Wednesday, July 31, 2019

Your Role for Today

Dear Sir,

I find myself in a jam.  Miss Otis regrets.  I am terribly sad and afraid that I do not want to attend your invitation.  I do not want to wear the mask.  I do not want to shoulder the conversation.  I do not want to mentor.  Or to be witty for you, like the trained seals barking for their fishes.  Yes, Miss Otis regrets.

Try this on for size:  You are Joe Smith.  You bring your really excellent Julia Child's Jello mold in the elaborate shape of a squirrel holding a nut to the Big Party.  People love it, and they ask you to bring it again.  And again.  And it goes on for years, and it is now called Joe's Jello by everyone who knows you, and no one else even dares to bring a molded item of any kind, because it will never be as good as Joe's.  And even more time passes, and then Joe is gone, and his Jello lives on in that people make the recipe, and they meet and they say "it's just not as good as Joe's,' and "Joe always brought his Jello, how I miss him!' and "Can you give me Joe's recipe for Jello?"  This is all good and a very nice memory of Joe, dead and gone.  It's the kind of thing you might hope to elicit.  Which is maybe why you bring a pineapple upside down cake and hope, in your secret heart, that you will become Known For It.

Let's consider another aspic aspect:  Joe tires of making the damned Jello on the 8th time, but he doesn't want to disappoint, and he enjoys the notoriety.  He is slightly trapped by the success of his Jello.  He would like to try, just once, a Dobos Torte.  In fact, maybe he did, once, and all anyone could say was "what?  You didn't make your Jello??"  So, yes, he is quite trapped in the role of the One Who Makes Jello for The Party.*

Stay with me now, Sir, because I know you are thinking of turning on an interesting podcast made by hipsters in NYC about the ways in which we assume different identities all the time, everyday.  Stay with me, because I am going to nudge you, or to permit you, to abandon some of these roles.  We are not only the Jello we bring, we humans.  We are quite complicated beings with many, many interests, goals, and fantasies. 

But, you say, that's not right- making Jello is not role-playing!  It's making Jello.  Well, be that as it may, bringing Jello has become a role for Joe, and he might be tired of it.  Also, we are playing roles all the time.  Right now, I am playing the role of a writer of this letter to you, and you may or may not be playing the role of reader.  If the idea of a role is too much for you, consider it a mode of being.  You might be in the receiving mode when you read this and you might not.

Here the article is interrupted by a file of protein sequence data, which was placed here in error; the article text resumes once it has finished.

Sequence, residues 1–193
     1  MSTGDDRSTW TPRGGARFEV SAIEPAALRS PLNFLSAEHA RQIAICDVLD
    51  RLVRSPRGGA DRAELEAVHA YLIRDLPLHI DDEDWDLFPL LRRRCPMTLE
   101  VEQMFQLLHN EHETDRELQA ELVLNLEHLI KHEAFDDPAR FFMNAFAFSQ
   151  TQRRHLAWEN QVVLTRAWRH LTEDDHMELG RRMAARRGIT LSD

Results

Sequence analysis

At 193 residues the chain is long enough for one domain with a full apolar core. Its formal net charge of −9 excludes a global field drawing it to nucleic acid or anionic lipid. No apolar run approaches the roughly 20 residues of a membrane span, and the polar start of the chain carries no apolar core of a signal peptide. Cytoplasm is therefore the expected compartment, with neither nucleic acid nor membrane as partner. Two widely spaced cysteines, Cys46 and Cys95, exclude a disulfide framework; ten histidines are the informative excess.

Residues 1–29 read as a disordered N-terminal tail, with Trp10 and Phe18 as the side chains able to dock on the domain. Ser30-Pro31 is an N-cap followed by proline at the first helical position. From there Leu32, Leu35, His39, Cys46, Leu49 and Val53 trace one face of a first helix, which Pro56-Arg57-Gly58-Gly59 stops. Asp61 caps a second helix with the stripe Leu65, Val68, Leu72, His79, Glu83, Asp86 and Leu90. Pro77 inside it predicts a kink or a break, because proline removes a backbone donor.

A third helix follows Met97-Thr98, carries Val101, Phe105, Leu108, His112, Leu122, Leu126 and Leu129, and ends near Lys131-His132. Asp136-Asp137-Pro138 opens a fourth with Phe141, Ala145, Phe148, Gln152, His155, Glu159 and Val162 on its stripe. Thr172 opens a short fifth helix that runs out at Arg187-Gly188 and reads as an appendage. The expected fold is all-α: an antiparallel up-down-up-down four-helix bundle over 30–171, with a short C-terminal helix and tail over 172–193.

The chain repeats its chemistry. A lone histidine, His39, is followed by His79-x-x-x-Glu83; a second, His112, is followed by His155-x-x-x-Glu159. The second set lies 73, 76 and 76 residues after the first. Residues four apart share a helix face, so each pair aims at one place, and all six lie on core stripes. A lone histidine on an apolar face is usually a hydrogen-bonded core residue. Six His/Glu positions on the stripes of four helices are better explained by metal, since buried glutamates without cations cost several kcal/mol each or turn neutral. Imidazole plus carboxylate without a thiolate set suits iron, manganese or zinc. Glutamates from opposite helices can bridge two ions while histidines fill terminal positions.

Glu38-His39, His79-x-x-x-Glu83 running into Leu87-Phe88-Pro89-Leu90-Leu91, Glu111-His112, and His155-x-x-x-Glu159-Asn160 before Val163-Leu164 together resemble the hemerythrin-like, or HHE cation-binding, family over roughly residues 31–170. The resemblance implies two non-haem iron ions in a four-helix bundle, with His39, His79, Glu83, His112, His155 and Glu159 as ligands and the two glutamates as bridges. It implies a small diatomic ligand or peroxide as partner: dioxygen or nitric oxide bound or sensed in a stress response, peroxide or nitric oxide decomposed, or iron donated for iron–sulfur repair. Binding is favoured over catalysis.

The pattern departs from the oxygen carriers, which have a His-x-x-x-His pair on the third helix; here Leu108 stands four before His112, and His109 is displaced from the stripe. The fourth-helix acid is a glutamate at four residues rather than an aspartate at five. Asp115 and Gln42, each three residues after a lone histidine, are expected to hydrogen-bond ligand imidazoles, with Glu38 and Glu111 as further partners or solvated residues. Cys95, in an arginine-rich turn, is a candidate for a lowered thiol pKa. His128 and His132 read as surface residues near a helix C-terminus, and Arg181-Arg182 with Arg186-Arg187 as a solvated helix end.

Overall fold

Let me offer further example:  You go to the post office to return the vegetable spiralizer you got on the internet, because you realized, while watching a very old episode of Dr. Who (wherein the Doctor meets a computer that he gave his mind to upon its birth as a sentient new being, and it has been flailing along for years with this split personality, wreaking havoc on everyone around it), you realized, that you might be entering a trap.  You might end up being the one that everyone goes to for spiralized vegetables, and you decided, deep in the clarity of the night, that you did not want this role after all.  So, you are at the post office with the box to return this potential role.  You get in line and now you play the role of the person who is slightly annoyed at having to wait, but you don't take it out on the poor beleaguered postal worker, although, you do think to yourself "I am not paid to be on this side of the counter, and you, Postal Employee, however much you may hate your job, are being paid to do it."  And the other people playing the same role remark to you on how long the line is and how inconvenient it is and you agree, in your role as Postal Customer.  You might say now, to me, Sir, that that is that, and how else could one possibly behave waiting in line at the post office?